John Bean Technologies Corporation (JBT) is a technology solutions provider to food, beverage and air transportation industries. Its largest division, FoodTech, designs, manufactures, and services food processing systems for the preparation of meat, seafood and poultry products, ready-to-eat meals, packaged foods, juice, dairy, fruit and vegetable products. AeroTech supplies gate and ground equipment solutions to airlines, airports, the military and defense contractors. The company, which has been successfully consolidating the highly fragmented food prep industry, stumbled, posting first quarter results lower than expected due to higher installation costs, weaker product mix and operational inefficiencies at some locations. The company addressed the installation issues and announced a new restructuring program to improve margins by 200 basis points by the end of 2019. Strong second quarter results proved that first quarter issues were temporary as the stock regained all that was lost in the previous quarter. We believe that the company is well positioned to be a major beneficiary of rising global middle-class demand for safer foods.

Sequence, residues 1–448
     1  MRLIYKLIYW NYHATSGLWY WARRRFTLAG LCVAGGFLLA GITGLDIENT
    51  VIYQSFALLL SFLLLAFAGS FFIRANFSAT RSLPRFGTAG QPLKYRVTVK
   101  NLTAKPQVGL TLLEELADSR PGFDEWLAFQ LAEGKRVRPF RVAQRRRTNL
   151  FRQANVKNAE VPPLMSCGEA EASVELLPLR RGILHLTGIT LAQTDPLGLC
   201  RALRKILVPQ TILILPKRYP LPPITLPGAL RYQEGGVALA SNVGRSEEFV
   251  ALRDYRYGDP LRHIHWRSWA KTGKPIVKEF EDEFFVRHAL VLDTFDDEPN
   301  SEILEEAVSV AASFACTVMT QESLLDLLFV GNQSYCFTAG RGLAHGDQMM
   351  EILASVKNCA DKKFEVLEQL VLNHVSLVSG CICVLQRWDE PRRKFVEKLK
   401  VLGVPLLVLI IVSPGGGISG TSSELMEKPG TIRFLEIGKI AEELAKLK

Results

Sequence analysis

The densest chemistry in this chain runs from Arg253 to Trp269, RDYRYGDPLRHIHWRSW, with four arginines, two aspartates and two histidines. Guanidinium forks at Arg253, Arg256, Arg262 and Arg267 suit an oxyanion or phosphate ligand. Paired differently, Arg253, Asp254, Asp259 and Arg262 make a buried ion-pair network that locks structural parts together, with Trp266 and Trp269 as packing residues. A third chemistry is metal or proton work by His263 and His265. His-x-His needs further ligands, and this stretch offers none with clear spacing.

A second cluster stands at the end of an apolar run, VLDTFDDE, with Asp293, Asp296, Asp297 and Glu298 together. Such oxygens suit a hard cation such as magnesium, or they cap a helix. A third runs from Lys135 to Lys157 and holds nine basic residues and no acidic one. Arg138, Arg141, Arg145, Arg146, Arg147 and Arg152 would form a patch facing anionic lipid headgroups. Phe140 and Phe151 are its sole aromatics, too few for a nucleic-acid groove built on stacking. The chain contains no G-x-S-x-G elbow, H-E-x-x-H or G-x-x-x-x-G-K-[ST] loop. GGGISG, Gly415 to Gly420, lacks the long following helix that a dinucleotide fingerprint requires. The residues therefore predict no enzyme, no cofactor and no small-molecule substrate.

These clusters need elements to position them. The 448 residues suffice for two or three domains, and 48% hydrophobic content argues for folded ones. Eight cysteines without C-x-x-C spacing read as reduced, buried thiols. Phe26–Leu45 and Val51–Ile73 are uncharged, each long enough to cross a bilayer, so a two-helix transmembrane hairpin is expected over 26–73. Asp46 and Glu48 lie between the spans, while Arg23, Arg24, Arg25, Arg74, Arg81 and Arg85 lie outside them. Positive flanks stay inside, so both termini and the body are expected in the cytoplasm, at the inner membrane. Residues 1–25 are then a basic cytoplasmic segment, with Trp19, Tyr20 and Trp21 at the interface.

KBR, Inc. (KBR) has been transforming its business mix over the past few years by acquiring more stable Government Services businesses to offset its lumpier, legacy Engineering & Construction (E&C) business. The company reported solid 2Q18 results and increased its full year 2018 EPS forecast, also making several positive announcements demonstrating a return to growth in the E&C business. The company’s Hydrocarbon Services segment won a contract to construct a methanol plant in Louisiana, and it also announced an agreement with Conoco Phillips to jointly develop low to mid-scale liquid natural gas (LNG) solutions. Investors appear optimistic regarding several potential awards for both businesses that will be announced over the next few months.

is a leading manufacturer of highly engineered critical components and customized technology solutions for the energy, transportation and industrial markets. The company announced strong 2Q18 results, as its Industrial Process segment has seen an inflection in orders for its pump business. CEO, Denise Ramos who has received mixed reviews from analysts, announced she will be stepping down at the end of the year. Her replacement, Luca Savi, the company’s current Chief Operating Officer, has a proven background having turned around the operations at the company’s two largest segments.

Leading Detractors